What does the term "panfish interrogation" mean
to you? To the rightfully proud Doug Gray, it means
he scored in Googlewhacking.
Are you lost? Haven't heard about the latest
Googlewhacking involves finding two words that
result in a single, solitary result in Google. No
fair putting your two words in quotation marks,
which limits to an exact match. And your terms must
be real words. If you're interested, you can find a
list of successful whacks on the Googlewhack
If you're not interested, that's OK too. This
column isn't really about Googlewhacking. It's
about the plethora of uses and features of Google
that you've never heard about.
And also about a fascinating story of "gaming
Google"--which means manipulating it. Every
enterprise in the country wants to manipulate
Google, to be at the top of Google results. And
But an enterprising college student became
famous for his game: during the recent gulf war he
manipulated Google so that if you entered in
"french military victories" as your search term and
clicked the "I'm feeling lucky" button, it returned
a results page that asks: "Did you mean 'french
military defeats?'" You can read how he did it at
This is from the Google
Watch site, which, if you can believe it, is
critical of Google, insisting that "Google's
monopoly, algorithms, and privacy policies are
undermining the Web."
Interesting site, but I'm among the legions of
Google fans. And if you are too, you might try one
of the Google fan sites. I like the one titled
Fan. It's here that I learned that my beloved
Google News won a Webby award, beating out nominees
that included MSNBC and BBC News Online. (Check out
Award winners to find other great sites.)
Google Fan also has a great list of links to
other Google-related sites. These range from fun
sites to sites that teach you advanced Googling.
Among the fun sites are random site generators:
click the link and it randomly selects any one of
three billion web sites.
Or there's Googlefight.com.
You type in two opposing terms and let them fight
it out--that is, see side-by-side search results
and which had the most. Let's try "University of
Iowa" and "Iowa State University." And the winner
is . . . University of Iowa, 1.9 million to 1.7
Another great directory with a couple hundred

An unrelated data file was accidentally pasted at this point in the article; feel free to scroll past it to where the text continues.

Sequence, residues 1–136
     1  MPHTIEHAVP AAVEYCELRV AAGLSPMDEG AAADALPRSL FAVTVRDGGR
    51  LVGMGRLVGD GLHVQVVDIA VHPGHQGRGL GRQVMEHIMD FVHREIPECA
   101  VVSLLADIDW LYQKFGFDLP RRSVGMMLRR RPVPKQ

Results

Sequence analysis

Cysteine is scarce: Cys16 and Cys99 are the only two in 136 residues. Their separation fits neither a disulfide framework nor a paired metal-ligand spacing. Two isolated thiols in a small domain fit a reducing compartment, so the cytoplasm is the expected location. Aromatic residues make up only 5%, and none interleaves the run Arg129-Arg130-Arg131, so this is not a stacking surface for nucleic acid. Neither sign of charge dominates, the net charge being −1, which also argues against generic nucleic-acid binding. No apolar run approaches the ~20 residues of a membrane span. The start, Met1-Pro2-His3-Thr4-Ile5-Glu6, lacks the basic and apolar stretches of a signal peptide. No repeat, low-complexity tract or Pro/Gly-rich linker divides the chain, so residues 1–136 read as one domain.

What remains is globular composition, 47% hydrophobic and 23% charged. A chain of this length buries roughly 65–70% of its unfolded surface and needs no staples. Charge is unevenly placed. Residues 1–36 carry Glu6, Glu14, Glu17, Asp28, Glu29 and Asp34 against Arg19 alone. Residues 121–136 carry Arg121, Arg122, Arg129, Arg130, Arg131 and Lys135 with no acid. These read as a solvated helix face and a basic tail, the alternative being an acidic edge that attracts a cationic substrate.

links is Google
Indicateur. It's here that I found the
Fudd version of Google. How did I ever get
along without that?
This site also has a link to Google
Labs, which is Google's testing area for new
offerings. One that's really cool is Google
Viewer. When you do a search, it gives you the
results as a sort of slide show. The site info is
in a small window at the top, and the site itself
appears as a slide. There's a control bar that lets
you govern the show, including the speed of
Another offering is Google
Glossary, which lets you find definitions for
words, phrases, and acronyms. A search in Google
Glossary returns a page of definitions that appear
on the web and refers you to related phrases. It
also lets you conveniently search the
Merriam-Webster Dictionary and Dictionary.com.
To get a sense for the broad range of offerings
of Google, go to Google's Tools
and Services page. Offerings include Froogle,
which is a price comparison search engine, and
Translate, which lets you translate text or web
pages from German, French, Italian, Portuguese, and
Spanish. It also lets you do searches within
specific languages or countries.
The coolest offering is Google
Web APIs. But only if you're a techie. Google
actually lets you use its database for free in your
own applications. That's one reason why there are
so many Google applications out there.
One of the best sites for seeing how this works
Hacks. Tara Calishain, a researcher, has
programmed a bunch of her own Google
implementations. Her Yellow Search provides a
simple and clean interface to access Google's phone
book search. Her Moogle feature lets you
conveniently search for movie reviews. You can even
stipulate whether you want it to look for positive
or negative reviews.
Whew, is there any doubt that Google is taking
over? Let's call it Google Culture. Heck, there's
even now a Google
Store where you can buy Google logo items.
Now back to my Googlewhacking . . .
© 2003 by Jim Karpen, Ph.D.